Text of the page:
‘Behind the bar, over there.’
My spine locks. They’re looking this way. I can feel it, them, burning through the back of my neck. But in the mirror, nothing.
The woman grumbles, unconvinced, but curious.
‘I thought they found him slumped over there?’ she says. Now the burning is right on me, all over and around me. The man grunts in agreement.
‘So how did he smash the mirror? Unless he had a funny turn first.’
‘And then sat down for a whiskey and cigar?’ the man pointed out.
‘Maybe to calm his nerves’ she says, sounding unconvinced. ‘Anyway, he never lit the cigar, I heard.’ The pair fall quiet as both take slurps from drinks.
Calm my nerves? She might be right. That’s what these people are, my nerves, at devilish play. Nothing more. The mirror isn’t broken, and I’m not leaving this cigar untouched, I’m having it right now, except… The matches. Not here. Not in my pocket. Behind the bar. No problem. I take the cigar and break it in two.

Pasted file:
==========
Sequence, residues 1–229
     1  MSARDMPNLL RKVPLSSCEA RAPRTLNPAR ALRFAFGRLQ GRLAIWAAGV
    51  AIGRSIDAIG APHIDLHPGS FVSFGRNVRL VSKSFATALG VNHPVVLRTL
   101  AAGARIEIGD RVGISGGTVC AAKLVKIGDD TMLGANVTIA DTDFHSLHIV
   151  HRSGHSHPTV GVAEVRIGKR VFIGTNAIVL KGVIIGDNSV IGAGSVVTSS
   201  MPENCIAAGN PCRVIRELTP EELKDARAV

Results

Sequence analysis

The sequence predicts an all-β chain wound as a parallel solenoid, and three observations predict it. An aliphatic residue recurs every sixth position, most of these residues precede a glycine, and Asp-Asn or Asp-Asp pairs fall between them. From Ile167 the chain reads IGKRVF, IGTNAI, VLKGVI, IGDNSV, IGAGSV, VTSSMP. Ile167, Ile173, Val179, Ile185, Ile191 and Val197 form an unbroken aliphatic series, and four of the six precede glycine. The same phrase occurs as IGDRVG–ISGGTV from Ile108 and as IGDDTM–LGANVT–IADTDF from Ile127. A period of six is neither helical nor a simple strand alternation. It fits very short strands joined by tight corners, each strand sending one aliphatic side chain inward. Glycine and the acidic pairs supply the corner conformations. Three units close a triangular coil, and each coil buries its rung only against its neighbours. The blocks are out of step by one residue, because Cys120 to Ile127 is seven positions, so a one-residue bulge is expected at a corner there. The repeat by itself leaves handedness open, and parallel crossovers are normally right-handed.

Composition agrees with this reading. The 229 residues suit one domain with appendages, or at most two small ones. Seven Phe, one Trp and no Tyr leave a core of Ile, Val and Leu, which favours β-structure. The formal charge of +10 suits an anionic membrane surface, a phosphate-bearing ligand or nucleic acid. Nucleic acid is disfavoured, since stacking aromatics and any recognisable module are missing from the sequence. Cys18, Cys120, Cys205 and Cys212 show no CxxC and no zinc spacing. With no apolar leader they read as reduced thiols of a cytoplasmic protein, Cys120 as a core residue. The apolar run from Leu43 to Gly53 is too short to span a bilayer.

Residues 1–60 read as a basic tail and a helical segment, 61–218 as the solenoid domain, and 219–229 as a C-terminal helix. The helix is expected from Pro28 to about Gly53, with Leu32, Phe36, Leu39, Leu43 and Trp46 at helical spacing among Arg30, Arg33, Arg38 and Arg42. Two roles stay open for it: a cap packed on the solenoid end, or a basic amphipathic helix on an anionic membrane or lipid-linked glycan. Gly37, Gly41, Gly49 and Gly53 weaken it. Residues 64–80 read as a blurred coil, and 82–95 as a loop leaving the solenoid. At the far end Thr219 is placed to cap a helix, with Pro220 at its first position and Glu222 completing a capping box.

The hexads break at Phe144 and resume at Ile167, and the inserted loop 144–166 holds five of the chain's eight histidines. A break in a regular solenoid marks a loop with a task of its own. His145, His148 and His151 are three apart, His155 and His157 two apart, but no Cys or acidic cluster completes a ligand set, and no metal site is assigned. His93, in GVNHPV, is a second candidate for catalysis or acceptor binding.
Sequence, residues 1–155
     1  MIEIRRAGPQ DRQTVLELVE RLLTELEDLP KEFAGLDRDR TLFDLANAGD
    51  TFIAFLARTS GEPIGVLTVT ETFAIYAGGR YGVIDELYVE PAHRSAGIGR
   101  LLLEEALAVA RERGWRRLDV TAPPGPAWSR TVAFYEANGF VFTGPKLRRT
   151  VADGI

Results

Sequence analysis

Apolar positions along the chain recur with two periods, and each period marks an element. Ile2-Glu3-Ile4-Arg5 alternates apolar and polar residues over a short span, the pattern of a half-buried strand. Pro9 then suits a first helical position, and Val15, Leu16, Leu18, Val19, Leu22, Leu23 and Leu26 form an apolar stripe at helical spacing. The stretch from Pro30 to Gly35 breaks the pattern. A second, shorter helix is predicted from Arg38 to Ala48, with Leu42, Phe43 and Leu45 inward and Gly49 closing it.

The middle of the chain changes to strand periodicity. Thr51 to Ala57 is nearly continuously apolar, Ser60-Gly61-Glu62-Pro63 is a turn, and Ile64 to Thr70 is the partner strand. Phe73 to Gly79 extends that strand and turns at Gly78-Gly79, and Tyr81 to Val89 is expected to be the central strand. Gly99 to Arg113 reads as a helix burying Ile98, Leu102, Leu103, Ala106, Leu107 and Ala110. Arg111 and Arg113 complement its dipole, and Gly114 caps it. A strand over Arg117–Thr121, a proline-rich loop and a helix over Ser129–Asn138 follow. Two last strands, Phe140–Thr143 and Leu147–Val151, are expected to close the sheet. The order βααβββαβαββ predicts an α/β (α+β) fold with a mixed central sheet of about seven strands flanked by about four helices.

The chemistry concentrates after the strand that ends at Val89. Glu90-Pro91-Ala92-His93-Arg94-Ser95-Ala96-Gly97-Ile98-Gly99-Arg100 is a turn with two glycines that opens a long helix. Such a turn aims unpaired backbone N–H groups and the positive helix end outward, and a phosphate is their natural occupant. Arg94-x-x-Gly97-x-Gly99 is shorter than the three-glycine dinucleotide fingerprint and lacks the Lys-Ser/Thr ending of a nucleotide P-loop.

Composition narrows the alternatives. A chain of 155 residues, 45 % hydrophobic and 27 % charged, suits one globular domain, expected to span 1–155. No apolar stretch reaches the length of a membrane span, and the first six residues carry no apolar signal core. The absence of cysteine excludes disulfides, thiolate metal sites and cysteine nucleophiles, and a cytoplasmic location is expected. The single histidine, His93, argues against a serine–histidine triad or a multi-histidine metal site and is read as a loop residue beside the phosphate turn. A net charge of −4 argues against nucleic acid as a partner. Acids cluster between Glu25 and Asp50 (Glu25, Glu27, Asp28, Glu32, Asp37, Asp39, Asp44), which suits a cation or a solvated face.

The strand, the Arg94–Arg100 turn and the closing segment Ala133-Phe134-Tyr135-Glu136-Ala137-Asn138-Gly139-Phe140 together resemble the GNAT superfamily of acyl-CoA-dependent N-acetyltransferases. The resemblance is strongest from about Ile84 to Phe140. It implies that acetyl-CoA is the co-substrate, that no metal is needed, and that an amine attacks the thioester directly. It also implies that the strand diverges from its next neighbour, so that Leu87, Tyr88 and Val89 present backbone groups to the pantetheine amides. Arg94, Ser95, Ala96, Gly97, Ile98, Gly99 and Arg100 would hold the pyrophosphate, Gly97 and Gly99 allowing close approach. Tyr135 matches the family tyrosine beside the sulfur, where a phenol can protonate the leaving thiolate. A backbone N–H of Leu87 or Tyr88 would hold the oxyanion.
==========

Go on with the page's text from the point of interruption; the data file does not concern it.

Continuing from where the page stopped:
‘It was snapped in half, though. What was that about?’ says the man, followed by a long sucking noise of moisture being drained from a presumably hairy top lip.
Oh come on! This is beyond madness now. This is a joke. A joke on myself. The mirror already confirms what I know. There is no one there. A quick glance over my tense shoulder will further validate this absence of reality. All I need to do is turn, but the thought of doing so, of actually peering into that dark corner, is the same thought as my heart stopping. But look I must. I must.